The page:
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China's anti-dumping duties on X-ray security scanners - WTO case

26 February 2013
by eub2 -- last modified 26 February 2013

A World Trade Organization panel report (DS425) found that China's anti-dumping duties on imports of X-ray security scanners from the EU were in breach of WTO anti-dumping rules. The report marks a clear victory for the EU. If the report is not appealed within 60 days, China will be expected to remove its anti-dumping duties on EU imports of X-ray security scanners.


What did the EU challenge at the WTO?

China imposed anti-dumping duties on imports of X-ray security scanners from the EU in January 2011. Ranging from 33.5% to 71.8%, they essentially closed the Chinese market to imports of European X-ray security scanners. Anti-dumping measures can be imposed when an investigation finds that imported products are sold at prices lower than the domestic prices of the product and that this "dumping" causes injury to the industry of the importing country. A direct causal link must be proven between the dumping and the injury caused. In addition WTO rules provided for certain due process and transparency requirements that have to be respected. Based on these rules, the EU saw no justification for the Chinese measures, either on substantive or procedural grounds.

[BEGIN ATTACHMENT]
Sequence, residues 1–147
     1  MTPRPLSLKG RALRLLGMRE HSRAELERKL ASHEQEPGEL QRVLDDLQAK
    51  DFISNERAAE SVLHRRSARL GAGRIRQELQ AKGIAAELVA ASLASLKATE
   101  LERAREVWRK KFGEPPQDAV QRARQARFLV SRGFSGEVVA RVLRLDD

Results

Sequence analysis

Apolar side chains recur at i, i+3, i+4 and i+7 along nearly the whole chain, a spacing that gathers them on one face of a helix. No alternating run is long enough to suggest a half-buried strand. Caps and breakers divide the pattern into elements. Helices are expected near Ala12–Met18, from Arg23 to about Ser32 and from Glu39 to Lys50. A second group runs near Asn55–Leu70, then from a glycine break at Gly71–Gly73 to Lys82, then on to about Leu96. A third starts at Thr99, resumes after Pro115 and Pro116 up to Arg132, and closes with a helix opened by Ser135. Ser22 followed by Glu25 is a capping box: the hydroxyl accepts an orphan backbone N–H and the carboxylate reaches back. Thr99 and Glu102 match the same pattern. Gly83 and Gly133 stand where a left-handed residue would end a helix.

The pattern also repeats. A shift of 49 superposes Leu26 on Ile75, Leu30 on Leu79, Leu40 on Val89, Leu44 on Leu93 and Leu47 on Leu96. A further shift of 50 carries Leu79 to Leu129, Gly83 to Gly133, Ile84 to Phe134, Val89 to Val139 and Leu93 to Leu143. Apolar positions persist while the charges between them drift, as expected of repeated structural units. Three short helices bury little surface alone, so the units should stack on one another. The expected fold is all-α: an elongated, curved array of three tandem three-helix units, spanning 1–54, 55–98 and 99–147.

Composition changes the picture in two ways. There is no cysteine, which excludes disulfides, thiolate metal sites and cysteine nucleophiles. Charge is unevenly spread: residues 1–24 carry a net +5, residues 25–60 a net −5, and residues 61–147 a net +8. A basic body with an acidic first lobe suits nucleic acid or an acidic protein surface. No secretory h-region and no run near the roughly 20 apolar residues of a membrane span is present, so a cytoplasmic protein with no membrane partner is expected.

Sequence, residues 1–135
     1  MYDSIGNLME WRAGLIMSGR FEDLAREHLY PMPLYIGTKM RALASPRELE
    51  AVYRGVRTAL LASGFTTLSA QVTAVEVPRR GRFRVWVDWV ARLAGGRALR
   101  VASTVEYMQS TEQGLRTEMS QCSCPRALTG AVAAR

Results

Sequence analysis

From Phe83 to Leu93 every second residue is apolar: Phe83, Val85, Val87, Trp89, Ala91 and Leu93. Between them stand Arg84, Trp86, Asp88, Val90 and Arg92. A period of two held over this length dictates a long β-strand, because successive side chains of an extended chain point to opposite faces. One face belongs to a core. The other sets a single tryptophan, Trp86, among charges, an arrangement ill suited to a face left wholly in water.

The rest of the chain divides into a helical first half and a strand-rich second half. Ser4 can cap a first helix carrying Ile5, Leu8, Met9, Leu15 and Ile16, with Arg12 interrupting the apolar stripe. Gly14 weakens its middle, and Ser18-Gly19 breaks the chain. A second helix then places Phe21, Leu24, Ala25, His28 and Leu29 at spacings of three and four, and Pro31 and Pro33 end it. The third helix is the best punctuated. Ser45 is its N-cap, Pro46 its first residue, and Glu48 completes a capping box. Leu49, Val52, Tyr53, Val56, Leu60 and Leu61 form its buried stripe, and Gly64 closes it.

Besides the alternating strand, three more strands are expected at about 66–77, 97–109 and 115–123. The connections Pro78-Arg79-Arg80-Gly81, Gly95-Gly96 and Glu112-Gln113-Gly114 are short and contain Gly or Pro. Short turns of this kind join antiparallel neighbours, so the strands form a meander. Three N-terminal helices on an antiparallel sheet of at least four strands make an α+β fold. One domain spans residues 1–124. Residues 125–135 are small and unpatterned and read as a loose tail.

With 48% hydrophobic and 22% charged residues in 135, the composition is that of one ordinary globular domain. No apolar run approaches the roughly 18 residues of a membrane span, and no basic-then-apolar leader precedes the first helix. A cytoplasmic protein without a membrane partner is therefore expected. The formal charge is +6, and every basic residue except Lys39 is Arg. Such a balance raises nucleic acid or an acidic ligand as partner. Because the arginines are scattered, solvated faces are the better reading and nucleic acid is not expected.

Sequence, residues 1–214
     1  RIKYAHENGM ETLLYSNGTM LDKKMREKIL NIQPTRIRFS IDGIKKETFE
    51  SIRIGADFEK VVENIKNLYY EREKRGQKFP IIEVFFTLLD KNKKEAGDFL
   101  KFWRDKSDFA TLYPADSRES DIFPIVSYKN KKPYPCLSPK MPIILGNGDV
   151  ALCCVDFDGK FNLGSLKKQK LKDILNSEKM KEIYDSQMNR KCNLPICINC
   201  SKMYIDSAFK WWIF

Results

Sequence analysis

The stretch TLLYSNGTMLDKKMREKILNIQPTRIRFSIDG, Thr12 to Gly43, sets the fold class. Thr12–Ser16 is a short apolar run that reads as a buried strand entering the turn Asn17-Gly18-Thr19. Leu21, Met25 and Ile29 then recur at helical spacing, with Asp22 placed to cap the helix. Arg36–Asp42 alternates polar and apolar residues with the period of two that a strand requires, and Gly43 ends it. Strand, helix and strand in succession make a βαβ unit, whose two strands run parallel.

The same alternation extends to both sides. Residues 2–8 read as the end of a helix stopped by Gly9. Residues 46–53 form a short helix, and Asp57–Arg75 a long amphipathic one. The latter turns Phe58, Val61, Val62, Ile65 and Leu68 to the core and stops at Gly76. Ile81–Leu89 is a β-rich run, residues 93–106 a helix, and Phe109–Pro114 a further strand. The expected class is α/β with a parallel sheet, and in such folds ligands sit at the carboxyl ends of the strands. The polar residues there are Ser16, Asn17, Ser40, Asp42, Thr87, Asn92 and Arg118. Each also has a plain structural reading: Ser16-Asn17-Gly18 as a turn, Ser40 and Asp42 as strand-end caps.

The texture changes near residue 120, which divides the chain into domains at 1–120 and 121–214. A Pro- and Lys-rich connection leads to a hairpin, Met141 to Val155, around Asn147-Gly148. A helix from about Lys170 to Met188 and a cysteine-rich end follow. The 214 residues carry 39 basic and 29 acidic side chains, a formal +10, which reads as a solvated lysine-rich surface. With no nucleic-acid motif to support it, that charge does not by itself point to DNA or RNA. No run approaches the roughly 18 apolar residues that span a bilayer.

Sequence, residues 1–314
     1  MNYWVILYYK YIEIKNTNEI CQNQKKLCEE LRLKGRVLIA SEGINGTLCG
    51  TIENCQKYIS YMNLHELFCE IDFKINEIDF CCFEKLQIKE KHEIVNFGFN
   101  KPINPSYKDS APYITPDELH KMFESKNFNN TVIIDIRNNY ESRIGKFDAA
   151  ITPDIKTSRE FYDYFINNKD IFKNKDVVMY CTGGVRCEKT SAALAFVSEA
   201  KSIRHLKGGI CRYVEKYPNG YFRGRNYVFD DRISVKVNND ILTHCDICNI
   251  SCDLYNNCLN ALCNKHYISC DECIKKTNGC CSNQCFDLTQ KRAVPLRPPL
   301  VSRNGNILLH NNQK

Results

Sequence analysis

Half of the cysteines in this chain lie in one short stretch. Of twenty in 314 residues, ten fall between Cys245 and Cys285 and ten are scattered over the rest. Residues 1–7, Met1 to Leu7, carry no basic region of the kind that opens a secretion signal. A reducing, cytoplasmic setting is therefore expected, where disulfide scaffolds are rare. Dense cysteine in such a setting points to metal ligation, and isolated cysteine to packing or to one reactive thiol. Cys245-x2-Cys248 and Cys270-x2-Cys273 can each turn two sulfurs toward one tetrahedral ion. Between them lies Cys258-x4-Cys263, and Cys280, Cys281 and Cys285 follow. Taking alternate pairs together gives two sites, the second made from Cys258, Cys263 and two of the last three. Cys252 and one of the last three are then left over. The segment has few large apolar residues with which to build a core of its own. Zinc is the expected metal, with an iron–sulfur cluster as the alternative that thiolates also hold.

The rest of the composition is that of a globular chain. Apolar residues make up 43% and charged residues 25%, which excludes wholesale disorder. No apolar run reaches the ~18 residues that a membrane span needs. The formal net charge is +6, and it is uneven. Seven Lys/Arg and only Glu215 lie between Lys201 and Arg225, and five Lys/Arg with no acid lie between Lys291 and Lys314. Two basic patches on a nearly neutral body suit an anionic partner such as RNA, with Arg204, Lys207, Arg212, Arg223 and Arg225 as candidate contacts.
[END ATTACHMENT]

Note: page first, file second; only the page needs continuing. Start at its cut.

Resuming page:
The Chinese anti-dumping measures were imposed after the EU had decided to introduce definitive anti-dumping duties on a related product, cargo scanners from China in June 2010, making Beijing's action look more like retaliation rather than an effort to address genuine concerns about "injurious dumping".

In July 2011 the EU requested WTO consultations on the matter, but these failed to bring about an acceptable solution. As a consequence, the EU challenged, for the first time ever, a Chinese trade defence measure before a WTO panel in December 2011.

What products are subject to China's current anti-dumping duties?

China's anti-dumping investigation concerned X-Ray Security Inspection Equipment - the so-called "security scanners" from the European Union. These are widely used in various types of security checks and customs inspections, mainly in the inspection of weapons, explosives, dangerous articles, smuggled goods, and other suspicious substances and contraband concealed in objects such as bags, goods, containers, and vehicles. The investigation covered a wide range of such products including security scanners for hand luggage and cargo scanners.